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If someone were to lend me a time machine and ask me to go back and figure out exactly what first set me down my road to dedicated descriptivism, I would first ask them if perhaps there wasn’t a better use for this marvelous contraption. But if they persisted, the coordinates I’d start with would be my elementary school days. I suspect it was some time around then that I first asked for permission to do something and was met with one of the archetypal prescriptions.
“Can I go to the bathroom?”, I surely must have asked, and just as surely a teacher must have answered, “I don’t know, can you?”
The irritation that I felt at this correction was so severe that even though I can’t remember when this happened, nor who did it to me, I still can call to mind the way it made me seethe. It was clear to me that the pedant was wrong, but I couldn’t figure out quite how to explain it. So, at the risk of sounding like I’m trying to settle a two-decade-old grudge, let’s look at whether it makes sense to correct this. I say that the answer is no — or at the very least, that one oughtn’t to correct it so snootily.
Let’s examine the “error” that the authority figure is correcting. Can, we are told, addresses the ability to do something, whereas may addresses permission. Mom said I can count to ten means that dear ol’ Mum believes in my ability to count to ten, although she may not want me to do so; Mom said I may count to ten means that Mum is allowing me to do so, although she need not believe that I am able to.*
At any given time, there are a lot of things that one is capable of doing (can do) and a lot of things that one is permitted to do (may do), and a few things that fall into both categories. The prescriptivist idea is that there is a fairly clear distinction between the two categories, though, and so it is important to distinguish them.
Except, well, it’s not so important after all; can and may were tightly intertwined in early English, and were never fully separated. The OED lists an obsolete usage [II.4a] of may as meaning “be able; can”. This is first attested in Old English, and continues through to at least 1645. Furthermore, may meaning “expressing objective possibility” [II.5] is attested from Old English to the present day (although it is noted as being rare now). Examples of these are given in (1) and (2). So we see that may does not always address the issue of permission, that may has encroached upon can‘s territory at times in the past and continues to do so to this day.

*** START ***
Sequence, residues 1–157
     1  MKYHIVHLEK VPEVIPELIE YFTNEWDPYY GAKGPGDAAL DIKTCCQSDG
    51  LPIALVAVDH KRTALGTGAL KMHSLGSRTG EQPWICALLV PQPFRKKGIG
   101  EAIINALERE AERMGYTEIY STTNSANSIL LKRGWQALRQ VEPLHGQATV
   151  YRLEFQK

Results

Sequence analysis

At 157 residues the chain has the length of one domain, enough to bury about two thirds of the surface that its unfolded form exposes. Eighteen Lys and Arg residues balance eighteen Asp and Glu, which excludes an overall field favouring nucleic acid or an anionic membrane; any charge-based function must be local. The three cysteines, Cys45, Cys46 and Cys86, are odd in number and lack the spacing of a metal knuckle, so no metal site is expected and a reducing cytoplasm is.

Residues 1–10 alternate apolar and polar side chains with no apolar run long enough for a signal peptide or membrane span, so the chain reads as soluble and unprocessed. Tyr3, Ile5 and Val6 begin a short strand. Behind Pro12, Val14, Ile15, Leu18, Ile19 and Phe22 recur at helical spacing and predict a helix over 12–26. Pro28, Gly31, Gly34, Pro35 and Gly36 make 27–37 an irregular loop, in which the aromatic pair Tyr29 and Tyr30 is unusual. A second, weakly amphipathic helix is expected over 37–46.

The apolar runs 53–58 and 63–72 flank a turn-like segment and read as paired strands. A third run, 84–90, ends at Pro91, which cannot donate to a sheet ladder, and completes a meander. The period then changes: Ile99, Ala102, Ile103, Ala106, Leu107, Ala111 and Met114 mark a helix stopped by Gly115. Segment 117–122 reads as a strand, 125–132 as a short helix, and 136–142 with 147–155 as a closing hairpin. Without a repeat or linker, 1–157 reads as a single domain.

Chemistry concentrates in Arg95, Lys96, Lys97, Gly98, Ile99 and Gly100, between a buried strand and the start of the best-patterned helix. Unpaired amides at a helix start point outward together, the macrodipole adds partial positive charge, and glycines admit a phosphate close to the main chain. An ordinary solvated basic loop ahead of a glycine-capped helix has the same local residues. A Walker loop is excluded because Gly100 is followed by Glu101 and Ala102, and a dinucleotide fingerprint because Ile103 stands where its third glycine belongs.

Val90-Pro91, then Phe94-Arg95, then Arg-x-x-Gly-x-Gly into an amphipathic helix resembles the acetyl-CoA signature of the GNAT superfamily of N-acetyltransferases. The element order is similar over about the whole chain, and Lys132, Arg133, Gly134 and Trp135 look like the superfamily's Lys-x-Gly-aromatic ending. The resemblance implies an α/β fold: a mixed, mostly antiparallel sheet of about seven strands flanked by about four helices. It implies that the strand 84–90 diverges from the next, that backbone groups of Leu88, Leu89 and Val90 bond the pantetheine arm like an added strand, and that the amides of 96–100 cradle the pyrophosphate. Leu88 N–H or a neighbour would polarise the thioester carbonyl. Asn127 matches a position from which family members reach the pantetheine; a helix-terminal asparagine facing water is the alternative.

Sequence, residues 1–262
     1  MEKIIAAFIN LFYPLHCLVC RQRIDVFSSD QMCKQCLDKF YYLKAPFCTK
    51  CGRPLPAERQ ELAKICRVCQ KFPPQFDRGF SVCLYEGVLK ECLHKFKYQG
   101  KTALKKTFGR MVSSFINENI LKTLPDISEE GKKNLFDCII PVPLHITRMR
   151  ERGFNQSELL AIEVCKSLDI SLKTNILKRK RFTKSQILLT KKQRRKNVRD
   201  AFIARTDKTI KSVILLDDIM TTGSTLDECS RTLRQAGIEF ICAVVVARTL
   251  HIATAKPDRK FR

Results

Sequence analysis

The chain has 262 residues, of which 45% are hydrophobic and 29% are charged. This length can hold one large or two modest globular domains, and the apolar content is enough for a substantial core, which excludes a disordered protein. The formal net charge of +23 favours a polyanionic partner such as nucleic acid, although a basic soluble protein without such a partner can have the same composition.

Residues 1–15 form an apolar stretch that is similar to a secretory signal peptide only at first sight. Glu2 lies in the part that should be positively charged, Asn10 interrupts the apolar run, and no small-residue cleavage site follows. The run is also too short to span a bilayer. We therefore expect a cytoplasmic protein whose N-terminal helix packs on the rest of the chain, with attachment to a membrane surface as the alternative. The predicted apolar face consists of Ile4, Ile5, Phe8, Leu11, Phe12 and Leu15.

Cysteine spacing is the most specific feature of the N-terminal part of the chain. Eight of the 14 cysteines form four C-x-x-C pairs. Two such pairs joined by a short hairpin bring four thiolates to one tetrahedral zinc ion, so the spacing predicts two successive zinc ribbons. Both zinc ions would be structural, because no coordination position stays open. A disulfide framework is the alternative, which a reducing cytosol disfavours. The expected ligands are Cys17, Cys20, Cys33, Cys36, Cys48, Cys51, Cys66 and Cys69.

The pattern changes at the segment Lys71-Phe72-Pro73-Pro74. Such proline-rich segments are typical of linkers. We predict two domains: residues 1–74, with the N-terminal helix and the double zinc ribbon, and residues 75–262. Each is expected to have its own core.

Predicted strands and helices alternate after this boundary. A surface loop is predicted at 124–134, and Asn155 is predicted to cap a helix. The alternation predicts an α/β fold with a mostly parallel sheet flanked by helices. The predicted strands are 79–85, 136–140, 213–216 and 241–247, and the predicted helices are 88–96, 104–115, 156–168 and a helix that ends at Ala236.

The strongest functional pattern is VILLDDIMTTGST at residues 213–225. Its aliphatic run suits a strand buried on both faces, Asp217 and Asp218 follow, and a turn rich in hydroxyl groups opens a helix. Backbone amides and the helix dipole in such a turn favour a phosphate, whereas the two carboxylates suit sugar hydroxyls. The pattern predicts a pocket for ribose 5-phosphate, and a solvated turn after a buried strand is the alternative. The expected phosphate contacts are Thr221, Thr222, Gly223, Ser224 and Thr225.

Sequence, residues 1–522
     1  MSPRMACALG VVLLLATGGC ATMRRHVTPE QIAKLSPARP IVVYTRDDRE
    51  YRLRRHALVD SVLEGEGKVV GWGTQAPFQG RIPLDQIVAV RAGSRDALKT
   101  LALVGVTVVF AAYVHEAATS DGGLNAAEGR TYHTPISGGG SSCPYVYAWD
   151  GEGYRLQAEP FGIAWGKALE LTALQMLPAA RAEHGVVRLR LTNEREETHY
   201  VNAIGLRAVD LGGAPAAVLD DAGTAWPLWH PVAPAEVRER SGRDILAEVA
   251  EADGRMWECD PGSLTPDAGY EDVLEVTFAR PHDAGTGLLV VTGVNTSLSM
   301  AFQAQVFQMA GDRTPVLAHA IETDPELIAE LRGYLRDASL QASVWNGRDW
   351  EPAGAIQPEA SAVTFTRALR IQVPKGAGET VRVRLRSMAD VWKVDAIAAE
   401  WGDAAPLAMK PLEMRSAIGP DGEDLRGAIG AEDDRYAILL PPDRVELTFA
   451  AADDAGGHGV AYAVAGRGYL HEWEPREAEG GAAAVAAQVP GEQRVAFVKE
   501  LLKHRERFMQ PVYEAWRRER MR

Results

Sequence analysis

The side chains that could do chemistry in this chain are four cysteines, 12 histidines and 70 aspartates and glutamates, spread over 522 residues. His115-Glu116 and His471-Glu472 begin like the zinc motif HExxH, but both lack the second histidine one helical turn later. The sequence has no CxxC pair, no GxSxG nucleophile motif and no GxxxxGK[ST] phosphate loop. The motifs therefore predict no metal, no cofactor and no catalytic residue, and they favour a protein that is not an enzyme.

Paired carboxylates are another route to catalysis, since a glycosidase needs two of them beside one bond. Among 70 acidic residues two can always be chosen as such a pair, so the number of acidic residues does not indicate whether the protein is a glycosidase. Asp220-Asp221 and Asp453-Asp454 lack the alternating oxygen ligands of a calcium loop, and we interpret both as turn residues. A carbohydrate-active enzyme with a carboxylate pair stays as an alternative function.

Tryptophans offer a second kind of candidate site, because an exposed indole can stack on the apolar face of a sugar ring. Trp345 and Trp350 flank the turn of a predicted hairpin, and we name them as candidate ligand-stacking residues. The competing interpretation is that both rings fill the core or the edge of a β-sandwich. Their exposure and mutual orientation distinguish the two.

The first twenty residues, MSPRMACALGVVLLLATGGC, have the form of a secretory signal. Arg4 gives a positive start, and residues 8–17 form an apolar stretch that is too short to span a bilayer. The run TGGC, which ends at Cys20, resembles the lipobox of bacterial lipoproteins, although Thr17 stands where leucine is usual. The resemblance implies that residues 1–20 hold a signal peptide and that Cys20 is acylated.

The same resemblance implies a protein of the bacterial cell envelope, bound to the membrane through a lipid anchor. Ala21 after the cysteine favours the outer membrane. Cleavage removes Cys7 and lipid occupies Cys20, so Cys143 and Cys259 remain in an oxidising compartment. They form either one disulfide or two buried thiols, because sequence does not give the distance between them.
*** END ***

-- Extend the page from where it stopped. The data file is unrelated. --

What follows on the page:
(1) No man may separate me from thee. 
(2) Youth clubs may be found in all districts of the city. 
As for can, there’s no historical evidence I found of it referring to permission in the distant past. Back then, may was apparently the dominant one, stealing usages from can. The OED gives a first citation for can meaning “to be allowed to” in 1879, by Alfred, Lord Tennyson, and does call the usage colloquial, at least on the British side of the pond. But still, we’ve got it attested 130 years ago by a former Poet Laureate of the UK. That’s a pretty good lineage for the permission usage.
Furthermore, I think (at least in contemporary American English) that the may I usage is old-fashioned to the point of sounding stilted or even affected outside of highly formal contexts. Just to back up my intuition, here’s the Google Books N-grams chart comparing May I go and Can I go:
You can see there’s a changeover in the mid-1960s, when the usage levels of May I finish plunging and Can I starts rocketing away. As you well know, this sort of fairly sudden change in relative frequency tends to generate a backlash against the newly-prominent form as a sign of linguistic apocalypse, so there’s no real surprise that people would loudly oppose permissive Can I. As always, the loud opposition to it is one of the surest signs that it’s passed a point of no return. By my youth, Can I was ensconced as the question of choice, and nowadays, I doubt many of our kids are getting being corrected on it — though it remains prominent enough in our zeitgeist to function as a set-up for a range of uninspired jokes.